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When that first college offer came in, Mateo Poso could not contain his excitement.
“I remember running out of the house, screaming to my brother…” Poso said. “It was crazy because my brother had talked to the coaching staff there.”
For the soon-to-be sophomore Branham defensive lineman, that day in June was everything. Just finishing up his freshman year, the youngster talked with Arizona State defensive analyst Anthony Garnett.
But it wasn’t an ordinary call.
Instead, it was Arizona State sending an offer Poso’s way, understanding the sheer talent and potential the high schooler with still three more seasons to go before he steps on a college campus possesses.
“Shocked me,” Poso said. “I really thought I was going to get it junior year. Putting the work for him, though, really helped me – Twitter, him teaching me the ways. Really shocked me getting it as a freshman.”
Not too long ago, Poso’s older brother, Frank Poso, went through the recruiting process, which made it a surprise to the younger Poso offer considering that Frank– listed as a 6-5, 335-pound true freshman offensive lineman at Nevada – wasn’t offered until his junior campaign at Branham.
Mateo Poso saw what it takes to become a collegiate student-athlete from the work Frank Poso put in to work his way to a spot in the Mountain West Conference.
“It’s always motivated me because he’s always been the big brother,” Mateo Poso said. “Always had to shine for that. The big body helped him. That was pushing me to be better than him. That’s always been my goal – to be better than him – because he’s a big brother. It makes me work twice as hard to be better than him. That’s pretty much it – work harder and be better than him.”
Part of what Mateo Poso also learned was a key piece of the blueprint that it takes to reach that next level just like his older brother: exposure.
According to Branham head coach Stephen Johnson, Mateo Poso’s father, Frank Poso, sends out 60 emails per day to coaches. Johnson also said that he didn’t talk to Arizona State and that it was all on the Poso family – testaments to the foundation and care the family puts in to help their children succeed.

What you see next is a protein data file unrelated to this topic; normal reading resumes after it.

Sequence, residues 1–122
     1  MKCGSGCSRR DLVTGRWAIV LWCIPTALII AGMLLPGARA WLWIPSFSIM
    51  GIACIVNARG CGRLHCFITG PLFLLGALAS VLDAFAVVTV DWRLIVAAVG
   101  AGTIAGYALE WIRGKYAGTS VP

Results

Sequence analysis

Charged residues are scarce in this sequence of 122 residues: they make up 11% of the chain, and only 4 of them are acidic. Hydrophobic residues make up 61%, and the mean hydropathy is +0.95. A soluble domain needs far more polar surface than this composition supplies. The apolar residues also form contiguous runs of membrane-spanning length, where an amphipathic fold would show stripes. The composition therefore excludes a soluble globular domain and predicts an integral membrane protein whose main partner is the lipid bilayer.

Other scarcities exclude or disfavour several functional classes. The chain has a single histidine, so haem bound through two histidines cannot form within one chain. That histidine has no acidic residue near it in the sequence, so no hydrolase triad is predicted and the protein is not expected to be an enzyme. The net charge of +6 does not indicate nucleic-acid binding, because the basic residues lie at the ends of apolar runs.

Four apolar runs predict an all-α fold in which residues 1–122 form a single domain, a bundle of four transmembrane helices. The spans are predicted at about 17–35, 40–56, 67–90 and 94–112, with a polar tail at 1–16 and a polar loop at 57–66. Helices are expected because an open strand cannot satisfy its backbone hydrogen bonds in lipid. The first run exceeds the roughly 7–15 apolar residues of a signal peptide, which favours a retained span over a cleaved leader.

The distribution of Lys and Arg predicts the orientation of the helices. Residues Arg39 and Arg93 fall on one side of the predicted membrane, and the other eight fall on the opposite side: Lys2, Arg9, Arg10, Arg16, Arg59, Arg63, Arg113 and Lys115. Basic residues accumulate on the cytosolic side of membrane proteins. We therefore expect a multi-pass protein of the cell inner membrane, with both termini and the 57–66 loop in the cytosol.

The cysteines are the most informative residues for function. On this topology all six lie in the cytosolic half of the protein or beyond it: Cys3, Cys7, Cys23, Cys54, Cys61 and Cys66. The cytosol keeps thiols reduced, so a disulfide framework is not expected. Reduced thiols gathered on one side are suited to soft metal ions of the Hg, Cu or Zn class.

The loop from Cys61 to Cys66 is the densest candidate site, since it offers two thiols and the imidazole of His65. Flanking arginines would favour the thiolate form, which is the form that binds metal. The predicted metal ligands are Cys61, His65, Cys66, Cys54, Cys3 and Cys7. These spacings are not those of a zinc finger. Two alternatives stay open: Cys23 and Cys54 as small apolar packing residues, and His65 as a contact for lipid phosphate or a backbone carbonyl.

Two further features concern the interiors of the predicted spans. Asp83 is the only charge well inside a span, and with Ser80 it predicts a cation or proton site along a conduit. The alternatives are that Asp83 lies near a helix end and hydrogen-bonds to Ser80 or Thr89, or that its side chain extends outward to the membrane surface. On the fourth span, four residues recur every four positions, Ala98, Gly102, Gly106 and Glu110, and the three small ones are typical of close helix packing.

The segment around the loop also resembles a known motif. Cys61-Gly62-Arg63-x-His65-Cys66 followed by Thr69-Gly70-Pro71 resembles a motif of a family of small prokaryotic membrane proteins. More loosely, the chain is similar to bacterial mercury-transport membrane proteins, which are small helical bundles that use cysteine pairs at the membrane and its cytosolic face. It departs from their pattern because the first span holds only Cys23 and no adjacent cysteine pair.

“He comes from a very strong family background with his father and his mother,” Johnson said. “I feel like they raised him the right way. I think it really reflects in how Mateo approaches the game, how he approaches his teammates and how he approaches every opportunity to get better.”
“My family pushing us to be better (helped me succeed quick),” Mateo Poso said. “They always ask us if you want it, let me know so I can push you. ‘If you don’t want it, let me know.’”
That approach to always strive to be better and be successful is evident in everything Mateo Poso does, and it’s easy for those around Mateo Poso and the Branham football program to understand why he already boasts a Power Five offer following one year of high school athletics.
Branham incoming senior quarterback Nick Bandanza considers Mateo Poso as a younger brother to him due to his strong relationship with his older brother and recognizes first-hand what has molded Mateo Poso into a star.
“It’s just his drive, his will to get out there and work out with us,” Bandanza said. “He would always come out whenever us older kids would play or work out. He would always be out there with us. It’s just the will, the drive. It inspires me to keep going. It inspires me to grind every day.”
Working out before and after practice and going for runs each day has Mateo Poso – and Branham football – ready to take that next step.
Last season, Mateo Poso was part of a Bruins squad that went 11-2 overall, shared a Santa Teresa League crown and went all the way to the Central Coast Section Division IV championship game before suffering a one-point overtime defeat to Milpitas.
Now, he and the Bruins are hoping for more.
“For me when it comes to Mateo, what makes Mateo special at the end of the day is his work ethic and his drive to succeed,” Johnson said. “He is a guy that doesn’t want to take days off. He wants more. He observes more.”
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